Image Repair and Crisis Response of Professional Athlete Adrian Peterson

By Ryan Winters
Elon Journal of Undergraduate Research in Communications
2015, Vol. 6 No. 2 | pg. 2/2 |

IV. Methods

Adrian Peterson's statements will be the chief focus of this study. Qualitative content analysis was used as the best way to scrutinize this incident because the statements in media articles are non-biased and the most accurate descriptors of each response.

This study used Benoit's image repair discourse framework to analyze Peterson's statements and how they affect the image repair process. Benoit's image repair discourse, the most recent image repair theory, has been used to analyze many other prominent image repair cases (Utsler & Epp, 2013, p. 147). This discourse is made up of 5 core strategies — denial, evasion of responsibility, reduction of offensiveness, corrective action, and mortification — and 12 subcategories — simple denial, blame shift, provocation, defeasibility, accidental, good intentions, bolstering, minimization, differentiation, transcendence, attacking accuser, and compensation (Holtzhausen & Roberts, 2009, p. 168).

The Peterson case offered two sources of information: the statement that was addressed to the media and the police report that was released to the media. Peterson has attempted to address the incident and repair his image through these statements. This study analyzed each statement from these two sources to determine which of Benoit's image repair theory was used, even though they were limited. Peterson has been generally silent on the issue, most likely to avoid additional scrutiny on this ongoing incident. The effectiveness of Peterson's image repair strategies were analyzed through Benoit's "Appropriateness and Effectiveness of Image Repair Strategies."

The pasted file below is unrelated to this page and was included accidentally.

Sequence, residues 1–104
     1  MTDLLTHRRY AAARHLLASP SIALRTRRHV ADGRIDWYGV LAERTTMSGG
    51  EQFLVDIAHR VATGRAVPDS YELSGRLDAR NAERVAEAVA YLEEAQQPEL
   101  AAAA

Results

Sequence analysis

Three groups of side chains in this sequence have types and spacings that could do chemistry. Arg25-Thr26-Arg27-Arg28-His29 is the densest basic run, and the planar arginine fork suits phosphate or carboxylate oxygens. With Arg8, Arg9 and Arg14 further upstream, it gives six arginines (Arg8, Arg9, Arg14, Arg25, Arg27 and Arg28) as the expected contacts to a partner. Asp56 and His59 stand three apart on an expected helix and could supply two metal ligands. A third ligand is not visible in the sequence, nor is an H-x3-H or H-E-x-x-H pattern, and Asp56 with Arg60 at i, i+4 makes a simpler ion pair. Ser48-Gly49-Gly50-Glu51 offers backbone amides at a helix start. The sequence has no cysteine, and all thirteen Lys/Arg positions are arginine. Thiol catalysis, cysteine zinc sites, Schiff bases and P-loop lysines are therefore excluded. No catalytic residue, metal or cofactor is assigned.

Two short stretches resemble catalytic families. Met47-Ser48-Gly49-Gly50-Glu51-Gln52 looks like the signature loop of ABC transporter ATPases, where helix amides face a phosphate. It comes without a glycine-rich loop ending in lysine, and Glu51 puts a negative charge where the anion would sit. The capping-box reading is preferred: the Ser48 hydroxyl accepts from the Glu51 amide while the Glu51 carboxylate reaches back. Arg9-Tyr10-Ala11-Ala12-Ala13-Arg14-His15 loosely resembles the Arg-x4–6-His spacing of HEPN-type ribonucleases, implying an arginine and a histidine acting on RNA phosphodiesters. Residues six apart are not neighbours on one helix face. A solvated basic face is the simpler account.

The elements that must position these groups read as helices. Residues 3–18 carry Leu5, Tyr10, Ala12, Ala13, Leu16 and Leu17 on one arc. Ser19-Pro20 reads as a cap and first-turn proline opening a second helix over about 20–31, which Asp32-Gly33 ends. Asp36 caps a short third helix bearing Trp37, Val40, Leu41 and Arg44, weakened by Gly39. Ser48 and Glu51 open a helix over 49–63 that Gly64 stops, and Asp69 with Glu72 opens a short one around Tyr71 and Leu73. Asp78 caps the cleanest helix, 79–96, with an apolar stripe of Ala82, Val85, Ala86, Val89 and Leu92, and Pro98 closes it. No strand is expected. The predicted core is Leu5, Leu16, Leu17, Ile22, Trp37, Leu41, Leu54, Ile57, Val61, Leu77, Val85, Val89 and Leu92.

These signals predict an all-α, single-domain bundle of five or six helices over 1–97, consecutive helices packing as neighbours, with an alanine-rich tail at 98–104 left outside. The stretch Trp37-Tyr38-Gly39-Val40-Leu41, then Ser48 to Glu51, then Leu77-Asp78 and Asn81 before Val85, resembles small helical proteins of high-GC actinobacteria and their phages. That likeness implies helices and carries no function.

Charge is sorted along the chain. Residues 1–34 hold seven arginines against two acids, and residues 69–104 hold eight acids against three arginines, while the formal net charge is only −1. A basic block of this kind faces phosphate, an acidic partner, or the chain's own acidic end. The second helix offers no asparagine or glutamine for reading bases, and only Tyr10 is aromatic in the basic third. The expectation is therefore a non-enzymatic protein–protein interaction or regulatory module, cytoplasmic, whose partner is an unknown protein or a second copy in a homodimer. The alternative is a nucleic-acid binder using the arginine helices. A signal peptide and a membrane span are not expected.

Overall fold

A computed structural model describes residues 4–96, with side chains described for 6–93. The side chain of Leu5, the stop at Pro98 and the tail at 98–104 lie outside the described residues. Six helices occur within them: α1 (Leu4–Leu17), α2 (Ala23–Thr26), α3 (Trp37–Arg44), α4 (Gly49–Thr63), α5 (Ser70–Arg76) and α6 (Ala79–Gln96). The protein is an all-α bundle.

V. Findings and Discussion

There are two sources of statements that Adrian Peterson made during the timespan of the incident: a police report and a media statement.

Police Reports

The New York Daily News reported part of the police report. According to the report, he used two of the main image repair strategies with four subcategories: evasion of responsibility with the subcategories of accident, good intentions and defeasibility; and reducing offensiveness with transcendence.

According to the report, Peterson believed he did nothing wrong — evasion of responsibility for his offensive actions. This statement demonstrates that he either believes what he did was an accident or that the event in itself was done with good intentions. This statement was paired with a quote from Peterson: "Anytime I spank my kids, I talk to them before, let them know what they did, and of course after" (Myers, 2014). This also demonstrates that Peterson used the reduce offensiveness strategy in combination with evasion of responsibility. In his attempt to reduce offensiveness he used transcendence to paint his actions in a more positive light by claiming that he was simply disciplining his child because he is a good parent.

Next, Peterson stated that he regretted that his son did not cry because it would have indicated that the switch had done more damage than intended (Myers, 2014). This is evasion of responsibility through defeasibility. Essentially he was saying that during the moment he lacked the information to determine whether he took his discipline too far. Peterson continued his evasion of responsibility by stating that he would not have let his child go back to Minnesota to see the doctor knowing his actions were wrong (Myers, 2014). This is also considered defeasibility because it is suggesting he had a lack of information and did not realize he had abused his child.

In the final statement that was released in the police report, Peterson says, "I feel very confident with my actions because I know my intent" (Myers, 2014). During this period, Peterson asserted to his audience that he acted with good intentions and, therefore, did not commit any offensive act. Peterson's strategy is clear in the police report, but his game plan evolved further in the statement to the media by combining additional strategies.

Media Statement